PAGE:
Kissing a frog might not get you the prince or princess of your dreams, but it will put you in close contact with frog slime — the mucus coating that keeps these amphibians’ skin moist and protected. But maybe a little frog slime, from the right species, isn’t such a bad thing: it could harbor antimicrobial powers.
Of course, the science doesn't say that frog-kissing is the recommended method. Instead a new study, published in the journal Immunity, suggests that the frog slime could contain a whole new class of antiviral drugs for researchers to explore, according to a press release from Emory University.
Specifically, the slime of a frog called Hydrophylax bahuvistara, found in the southern Indian province of Kerala, contains small molecules that can destroy strains of flu virus, reports George Dvorsky for Gizmodo. The compound isn't very stable in the human body, however, so scientists will need to figure out how to make a synthetic version that lasts longer.
The compound is a peptide, a small class of molecule that can regulate the chemical activity of other molecules. The researchers call it "urumin," after the urumi, a deadly, flexible, whip-like sword that originated in southern India.
To make the discovery, researchers first gave frogs a mild electrical shock to encourage extra slime production. Then they collected the slime and screened it for active compounds, coming up with 32 peptides. They chemically synthesized their own versions in the lab then tested those synthetic versions on strains of the human flu virus. The researchers found that four had some success at killing the virus, and only one of those four wasn't toxic to human cells. (So really, if it wasn't clear: Don't kiss frogs or toads.)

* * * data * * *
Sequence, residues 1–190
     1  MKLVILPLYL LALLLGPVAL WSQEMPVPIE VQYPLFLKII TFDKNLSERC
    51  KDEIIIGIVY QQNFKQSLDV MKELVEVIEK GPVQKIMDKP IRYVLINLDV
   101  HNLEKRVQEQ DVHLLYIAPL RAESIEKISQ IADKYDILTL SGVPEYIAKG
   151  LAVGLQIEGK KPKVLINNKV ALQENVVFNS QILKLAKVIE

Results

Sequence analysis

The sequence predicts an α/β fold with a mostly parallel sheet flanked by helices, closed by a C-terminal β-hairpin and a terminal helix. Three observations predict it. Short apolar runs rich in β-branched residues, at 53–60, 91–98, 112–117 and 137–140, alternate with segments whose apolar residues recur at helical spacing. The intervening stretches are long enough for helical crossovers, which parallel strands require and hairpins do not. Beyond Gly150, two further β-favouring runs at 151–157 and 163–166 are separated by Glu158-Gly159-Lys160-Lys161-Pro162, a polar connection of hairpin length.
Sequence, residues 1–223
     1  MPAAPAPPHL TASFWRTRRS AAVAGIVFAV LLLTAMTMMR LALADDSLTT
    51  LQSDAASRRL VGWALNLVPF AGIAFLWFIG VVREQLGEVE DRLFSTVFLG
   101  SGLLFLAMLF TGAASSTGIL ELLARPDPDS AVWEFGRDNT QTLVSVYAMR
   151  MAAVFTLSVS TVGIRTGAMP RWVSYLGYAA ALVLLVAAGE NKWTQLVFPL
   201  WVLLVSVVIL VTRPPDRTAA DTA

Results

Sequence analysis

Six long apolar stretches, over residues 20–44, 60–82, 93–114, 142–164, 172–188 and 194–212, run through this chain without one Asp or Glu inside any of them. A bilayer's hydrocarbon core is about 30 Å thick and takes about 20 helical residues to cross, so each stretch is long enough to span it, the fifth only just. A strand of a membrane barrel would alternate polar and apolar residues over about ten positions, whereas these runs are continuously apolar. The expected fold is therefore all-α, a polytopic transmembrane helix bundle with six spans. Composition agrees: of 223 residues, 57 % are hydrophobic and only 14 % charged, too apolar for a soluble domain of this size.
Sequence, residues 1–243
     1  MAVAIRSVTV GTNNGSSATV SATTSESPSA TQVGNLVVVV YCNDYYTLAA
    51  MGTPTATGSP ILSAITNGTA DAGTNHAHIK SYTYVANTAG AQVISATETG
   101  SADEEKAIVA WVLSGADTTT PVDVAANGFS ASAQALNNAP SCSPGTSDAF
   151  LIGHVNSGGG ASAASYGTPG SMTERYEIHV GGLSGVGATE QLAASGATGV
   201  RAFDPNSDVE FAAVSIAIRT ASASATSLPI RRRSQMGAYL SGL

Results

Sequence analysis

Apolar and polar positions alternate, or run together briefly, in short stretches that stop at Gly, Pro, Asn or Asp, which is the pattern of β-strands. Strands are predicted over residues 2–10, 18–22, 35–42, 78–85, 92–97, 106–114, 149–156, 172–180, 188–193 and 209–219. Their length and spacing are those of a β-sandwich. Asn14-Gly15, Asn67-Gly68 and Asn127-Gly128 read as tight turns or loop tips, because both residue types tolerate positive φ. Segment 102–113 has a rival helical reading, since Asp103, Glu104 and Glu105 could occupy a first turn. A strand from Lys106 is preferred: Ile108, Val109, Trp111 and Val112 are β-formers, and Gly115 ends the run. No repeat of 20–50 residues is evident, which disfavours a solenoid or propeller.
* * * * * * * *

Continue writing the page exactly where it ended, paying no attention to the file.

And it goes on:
Under an electron microscope, which uses electrons instead of light waves to illuminate a sample, the scientists could see that urumin wraps around a protein that protrudes from the surface of some strains of flu virus. This particular protein, called hemagglutinin, helps the viruses bind to cells in the human respiratory tract.
"The virus needs this hemagglutinin to get inside our cells," says study co-author Joshy Jacob of Emory University in a press release. "What this peptide does is it binds to the hemagglutinin and destabilizes the virus. And then it kills the virus." (Hemagglutinin is the same part of the flu virus that future ‘universal’ flu vaccines could target.)
Tests in mice showed that urumin could protect the rodents from dozens of flu strains, but not all. The other strains have differences in their hemagglutinin that keep urumin from attaching. "It's very, very specific," Jacob tells Jacqueline Howard of CNN.
Frogs can't actually get the flu, so why do they make a compound that kills strains of the virus?
It's likely that urumin also kills other pathogens that could infect the frog. "Amphibians, especially certain groups of frogs, produce and store large amounts of antimicrobial peptides in specialized granular glands in the skin," Louise Rollins-Smith, an associate professor of pathology, microbiology, and immunology at Vanderbilt University School of Medicine, tells CNN. "When the skin is injured or the frog is alarmed, they release large amounts of the peptides to protect the skin."
It's possible that other potentially medicinal compounds are out there, just sitting on another frog's skin